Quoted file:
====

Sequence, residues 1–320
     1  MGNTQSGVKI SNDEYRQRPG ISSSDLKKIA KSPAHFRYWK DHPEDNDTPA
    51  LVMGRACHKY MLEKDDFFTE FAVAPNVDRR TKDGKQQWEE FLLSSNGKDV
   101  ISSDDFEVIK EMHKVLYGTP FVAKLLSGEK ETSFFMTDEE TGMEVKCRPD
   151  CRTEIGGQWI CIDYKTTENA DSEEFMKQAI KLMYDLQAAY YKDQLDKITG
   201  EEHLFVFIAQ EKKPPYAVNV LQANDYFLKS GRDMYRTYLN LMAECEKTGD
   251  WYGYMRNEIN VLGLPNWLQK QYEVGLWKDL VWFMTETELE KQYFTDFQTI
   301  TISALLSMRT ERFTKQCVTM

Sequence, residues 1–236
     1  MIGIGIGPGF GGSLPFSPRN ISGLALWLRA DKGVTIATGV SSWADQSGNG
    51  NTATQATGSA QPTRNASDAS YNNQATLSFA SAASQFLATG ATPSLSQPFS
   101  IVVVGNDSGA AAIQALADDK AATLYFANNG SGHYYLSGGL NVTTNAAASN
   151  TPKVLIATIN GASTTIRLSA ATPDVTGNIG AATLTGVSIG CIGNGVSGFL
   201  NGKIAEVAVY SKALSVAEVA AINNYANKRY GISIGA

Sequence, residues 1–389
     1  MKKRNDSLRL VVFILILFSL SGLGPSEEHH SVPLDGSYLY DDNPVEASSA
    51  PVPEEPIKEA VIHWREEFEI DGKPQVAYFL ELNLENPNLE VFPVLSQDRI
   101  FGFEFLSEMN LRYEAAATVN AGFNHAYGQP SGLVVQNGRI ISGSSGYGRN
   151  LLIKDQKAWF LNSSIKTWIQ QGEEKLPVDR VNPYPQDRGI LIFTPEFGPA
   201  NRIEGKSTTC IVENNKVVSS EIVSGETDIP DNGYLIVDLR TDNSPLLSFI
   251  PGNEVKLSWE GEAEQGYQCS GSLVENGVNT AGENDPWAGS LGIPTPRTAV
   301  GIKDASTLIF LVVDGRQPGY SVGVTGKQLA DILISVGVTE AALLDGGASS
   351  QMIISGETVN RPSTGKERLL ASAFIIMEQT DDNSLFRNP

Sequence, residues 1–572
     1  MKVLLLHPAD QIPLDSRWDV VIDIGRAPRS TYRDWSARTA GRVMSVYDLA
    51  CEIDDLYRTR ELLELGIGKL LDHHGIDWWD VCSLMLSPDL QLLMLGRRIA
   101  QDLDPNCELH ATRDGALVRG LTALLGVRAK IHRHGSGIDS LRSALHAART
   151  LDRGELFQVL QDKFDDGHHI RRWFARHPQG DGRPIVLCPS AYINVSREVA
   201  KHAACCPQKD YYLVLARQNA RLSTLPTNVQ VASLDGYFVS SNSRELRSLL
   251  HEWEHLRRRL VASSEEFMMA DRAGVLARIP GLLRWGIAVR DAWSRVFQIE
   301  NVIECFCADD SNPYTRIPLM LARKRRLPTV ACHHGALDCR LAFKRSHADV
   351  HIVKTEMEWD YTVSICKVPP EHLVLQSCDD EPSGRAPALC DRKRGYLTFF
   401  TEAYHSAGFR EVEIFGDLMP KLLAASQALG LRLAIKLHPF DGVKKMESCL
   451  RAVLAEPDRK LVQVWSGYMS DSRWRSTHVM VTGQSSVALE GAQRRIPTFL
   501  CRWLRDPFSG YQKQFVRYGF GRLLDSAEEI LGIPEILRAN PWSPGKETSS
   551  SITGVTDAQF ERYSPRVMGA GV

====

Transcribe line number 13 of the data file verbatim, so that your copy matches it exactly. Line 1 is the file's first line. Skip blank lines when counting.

   151  TPKVLIATIN GASTTIRLSA ATPDVTGNIG AATLTGVSIG CIGNGVSGFL